I’ve been excited for some time about the idea of designing offline-friendly experiences. Finally took some very modest steps at making this little site work offline, so I thought I’d write up what I’ve done so far.

First, and most importantly, I’ve added a service worker to my website. I’m late to this particular party, but: a service worker’s a little bit of JavaScript that gets installed in the background and can, among other things, intercept and process network requests — if your browser supports service workers, that is. My service worker’s a modest affair, but it’s responsible for caching pages as you browse, as well as the static files that control my site’s design. Additionally, if you’re offline, it displays a page of content you can read without a connection.

(By “my” service worker, I mean I’ve lightly modified Filament Group’s service worker, which was itself a lightly-modified version of Jeremy Keith’s service worker. I quite like how Jeremy’s set up his script, which he’s written about in great detail: the event-driven layout makes a lot of sense to me, and I like how HTML requests check for a network connection before referencing the cache.)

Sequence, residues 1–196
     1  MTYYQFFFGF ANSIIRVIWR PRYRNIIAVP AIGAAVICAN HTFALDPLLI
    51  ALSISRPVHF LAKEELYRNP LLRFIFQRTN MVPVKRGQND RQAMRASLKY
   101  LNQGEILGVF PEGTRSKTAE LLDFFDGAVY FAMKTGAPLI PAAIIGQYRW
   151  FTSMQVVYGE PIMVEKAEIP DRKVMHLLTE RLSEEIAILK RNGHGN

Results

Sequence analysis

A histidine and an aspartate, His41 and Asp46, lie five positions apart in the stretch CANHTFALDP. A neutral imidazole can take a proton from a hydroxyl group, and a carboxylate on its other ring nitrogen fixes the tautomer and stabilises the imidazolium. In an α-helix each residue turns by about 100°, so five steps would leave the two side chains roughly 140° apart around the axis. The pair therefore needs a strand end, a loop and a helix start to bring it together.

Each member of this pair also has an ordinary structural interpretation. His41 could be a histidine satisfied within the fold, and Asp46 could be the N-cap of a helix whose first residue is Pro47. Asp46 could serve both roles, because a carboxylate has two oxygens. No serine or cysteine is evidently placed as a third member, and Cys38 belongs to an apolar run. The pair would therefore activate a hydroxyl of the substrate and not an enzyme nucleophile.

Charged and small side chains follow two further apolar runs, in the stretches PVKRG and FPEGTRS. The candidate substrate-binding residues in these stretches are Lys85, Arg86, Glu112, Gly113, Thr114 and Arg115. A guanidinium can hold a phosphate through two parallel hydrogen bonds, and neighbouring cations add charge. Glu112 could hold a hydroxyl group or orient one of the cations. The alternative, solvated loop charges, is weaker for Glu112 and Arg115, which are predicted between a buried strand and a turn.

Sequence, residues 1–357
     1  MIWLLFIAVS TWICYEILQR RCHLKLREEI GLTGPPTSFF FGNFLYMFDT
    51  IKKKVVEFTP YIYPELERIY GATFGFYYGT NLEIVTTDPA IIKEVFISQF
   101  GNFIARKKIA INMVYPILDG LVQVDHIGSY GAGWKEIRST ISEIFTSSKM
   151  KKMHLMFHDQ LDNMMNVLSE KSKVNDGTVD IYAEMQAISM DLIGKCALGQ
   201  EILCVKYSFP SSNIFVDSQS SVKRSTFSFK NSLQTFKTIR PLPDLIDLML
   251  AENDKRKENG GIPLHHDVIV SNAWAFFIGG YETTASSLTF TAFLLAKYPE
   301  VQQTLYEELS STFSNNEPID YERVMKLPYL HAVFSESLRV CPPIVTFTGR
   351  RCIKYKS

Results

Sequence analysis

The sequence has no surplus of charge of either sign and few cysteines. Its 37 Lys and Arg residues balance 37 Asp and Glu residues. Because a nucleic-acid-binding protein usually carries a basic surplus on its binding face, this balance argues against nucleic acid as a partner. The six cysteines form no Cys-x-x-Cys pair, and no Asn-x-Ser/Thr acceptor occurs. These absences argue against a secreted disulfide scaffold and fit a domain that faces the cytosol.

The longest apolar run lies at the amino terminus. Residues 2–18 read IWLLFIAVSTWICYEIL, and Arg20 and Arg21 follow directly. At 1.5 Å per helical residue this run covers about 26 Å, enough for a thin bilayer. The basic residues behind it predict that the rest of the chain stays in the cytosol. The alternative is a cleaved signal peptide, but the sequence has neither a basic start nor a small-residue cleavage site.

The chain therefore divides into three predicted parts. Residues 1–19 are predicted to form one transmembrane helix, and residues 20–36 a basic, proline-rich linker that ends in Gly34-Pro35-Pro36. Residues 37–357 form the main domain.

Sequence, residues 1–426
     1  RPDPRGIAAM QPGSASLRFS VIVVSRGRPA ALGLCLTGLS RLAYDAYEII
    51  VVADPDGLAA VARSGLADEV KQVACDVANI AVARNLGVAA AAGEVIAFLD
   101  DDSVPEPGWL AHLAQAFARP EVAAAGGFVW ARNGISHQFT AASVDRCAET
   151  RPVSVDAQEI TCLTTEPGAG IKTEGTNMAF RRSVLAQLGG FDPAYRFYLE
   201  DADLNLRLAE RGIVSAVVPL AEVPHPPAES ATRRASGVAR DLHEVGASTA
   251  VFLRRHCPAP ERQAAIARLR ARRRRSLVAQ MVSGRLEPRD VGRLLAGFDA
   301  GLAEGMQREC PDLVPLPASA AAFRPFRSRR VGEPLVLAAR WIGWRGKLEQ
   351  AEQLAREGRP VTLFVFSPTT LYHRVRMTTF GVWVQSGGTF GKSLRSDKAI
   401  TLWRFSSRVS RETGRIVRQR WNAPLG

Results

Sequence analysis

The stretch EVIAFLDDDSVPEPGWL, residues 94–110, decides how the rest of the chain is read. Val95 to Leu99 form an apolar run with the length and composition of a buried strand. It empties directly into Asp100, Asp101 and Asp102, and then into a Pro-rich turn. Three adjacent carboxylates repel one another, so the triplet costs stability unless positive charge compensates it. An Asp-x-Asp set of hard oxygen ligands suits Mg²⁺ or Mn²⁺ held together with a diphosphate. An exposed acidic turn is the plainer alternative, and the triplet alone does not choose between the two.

Secondly, I wrote a little script to keep my offline page “current”, and have it display any blog entries you’ve added to the cache. This was inspired by a pattern I saw on Mike Riethmuller’s service workers tutorial, where his offline page prints out a list of all the pages available for offline reading. But whereas Mike’s showing a list of URLs, I wanted something a little bit easier to read: namely, to display the title of each blog post, alongside a nicely-formatted date and the summary of that post. That’s where that extra little pinch of JavaScript comes in: it searches for blog entry URLs in the service worker cache, then looks up the metadata for those URLs in a JSON file, and then prints out a nice-looking link on the offline page. So as you browse through my archives, you’ll save new entries for offline access — which then get shown on the offline page itself.

This is all very preliminary, mind. But it feels good to have gotten started on making my site work offline. I’m still learning the contours of what I can do here — but thanks to a metric ton of resources, and the work of some good friends, I feel like I’m slowly getting my feet under me.